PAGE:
2015 NFL Draft Prospects: Borderline Quarterback Prospects


When we analyze the crop of 2015 NFL Draft prospects this year, we have to break down one of the worst quarterback groups of all time. It’s possible that only five or six QBs get taken this year — two of them being Marcus Mariota and Jameis Winston.

Brett Hundley, Garrett Grayson and Bryce Petty are expected to be taken in the middle rounds, but is there any prospect worth taking outside of the top-five?

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Sean Mannion, Oregon State

Strengths: experience, arm strength, size

Weaknesses: decision-making, limited scheme at Oregon State, struggles in big spots

Here’s a guy that is the center of many quarterback debates around the scouting world. He entered the 2014 season with a serious chance to be taken in the first few rounds, but things simply didn’t pan out.

He has a big arm and looks the part, but the accuracy and decision making simply isn’t there. He’s going to be a borderline 7th round prospect that may end up being a camp arm.

Shane Carden, East Carolina

Strengths: calm under pressure, can extend plays, manages game well

Weaknesses: arm strength, deep decision-making, lack of splash plays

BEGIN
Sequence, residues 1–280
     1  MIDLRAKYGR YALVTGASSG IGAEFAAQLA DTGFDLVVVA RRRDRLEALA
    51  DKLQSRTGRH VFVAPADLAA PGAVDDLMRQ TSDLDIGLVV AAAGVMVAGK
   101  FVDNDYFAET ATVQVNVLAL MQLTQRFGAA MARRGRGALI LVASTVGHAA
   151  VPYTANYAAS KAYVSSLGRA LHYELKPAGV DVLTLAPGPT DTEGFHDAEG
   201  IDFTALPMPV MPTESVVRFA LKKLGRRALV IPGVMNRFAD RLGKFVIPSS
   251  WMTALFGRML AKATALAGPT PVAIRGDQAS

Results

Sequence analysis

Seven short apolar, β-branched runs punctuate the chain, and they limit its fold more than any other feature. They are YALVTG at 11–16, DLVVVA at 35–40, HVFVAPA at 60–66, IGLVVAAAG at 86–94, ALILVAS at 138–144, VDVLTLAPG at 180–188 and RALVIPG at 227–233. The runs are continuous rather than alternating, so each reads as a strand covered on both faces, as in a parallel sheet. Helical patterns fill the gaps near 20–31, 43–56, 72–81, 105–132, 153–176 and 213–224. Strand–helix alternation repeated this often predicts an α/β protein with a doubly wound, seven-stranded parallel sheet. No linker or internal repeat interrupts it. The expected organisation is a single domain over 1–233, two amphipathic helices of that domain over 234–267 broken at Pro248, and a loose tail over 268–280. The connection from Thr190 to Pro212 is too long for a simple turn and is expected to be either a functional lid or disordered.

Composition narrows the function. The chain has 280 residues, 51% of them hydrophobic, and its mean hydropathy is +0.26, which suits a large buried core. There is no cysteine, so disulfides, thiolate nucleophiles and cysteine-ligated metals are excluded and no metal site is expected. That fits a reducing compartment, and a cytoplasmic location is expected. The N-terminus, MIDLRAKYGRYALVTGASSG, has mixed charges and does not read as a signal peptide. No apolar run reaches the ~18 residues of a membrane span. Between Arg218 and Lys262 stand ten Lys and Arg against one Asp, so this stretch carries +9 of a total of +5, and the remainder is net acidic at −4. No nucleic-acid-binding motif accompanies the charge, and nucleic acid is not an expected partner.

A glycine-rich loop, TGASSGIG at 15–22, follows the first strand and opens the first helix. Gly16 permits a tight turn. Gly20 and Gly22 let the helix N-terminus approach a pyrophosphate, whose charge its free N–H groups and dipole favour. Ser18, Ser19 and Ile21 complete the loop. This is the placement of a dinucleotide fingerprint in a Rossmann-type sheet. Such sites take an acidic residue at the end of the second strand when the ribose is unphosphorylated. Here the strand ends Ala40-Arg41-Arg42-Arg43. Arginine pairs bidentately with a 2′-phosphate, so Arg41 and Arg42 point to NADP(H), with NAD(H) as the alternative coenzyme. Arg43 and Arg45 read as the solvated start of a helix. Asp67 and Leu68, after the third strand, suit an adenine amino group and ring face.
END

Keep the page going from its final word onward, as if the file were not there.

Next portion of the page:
Carden has the potential to be the “game manager” type in the NFL, but his mechanics and decision-making will set him back in a big way. He benefitted in a big way from star receiver Justin Hardy, and led most of his wins passing to wide open receivers.

Some team may take a shot in the fifth or sixth round, but Carden isn’t close to being ready to start in the NFL.

Blake Sims

Strengths: effective at making plays with feet, keeps focused through pressure, makes the throws needed

Weaknesses: small hands, below-average size, doesn’t scream QB

Sims fails to project as a quarterback at the next level, but an NFL team may take a chance at him with their last pick. He has flashes of Russell Wilson in his game and has made plays that have seriously turned heads.

He’s borderline, and probably the last prospect worth taking from the bottom-end group.


Connor Halliday, Washington State — limited scheme, injury issues

Cody Fajardo, Nevada — poor accuracy

That’s about it, folks. It’s a rough class for the teams that need a quarterback immediately. Can one or two sleepers emerge in the next few years? Of course. The likelihood however, certainly doesn’t favor this group.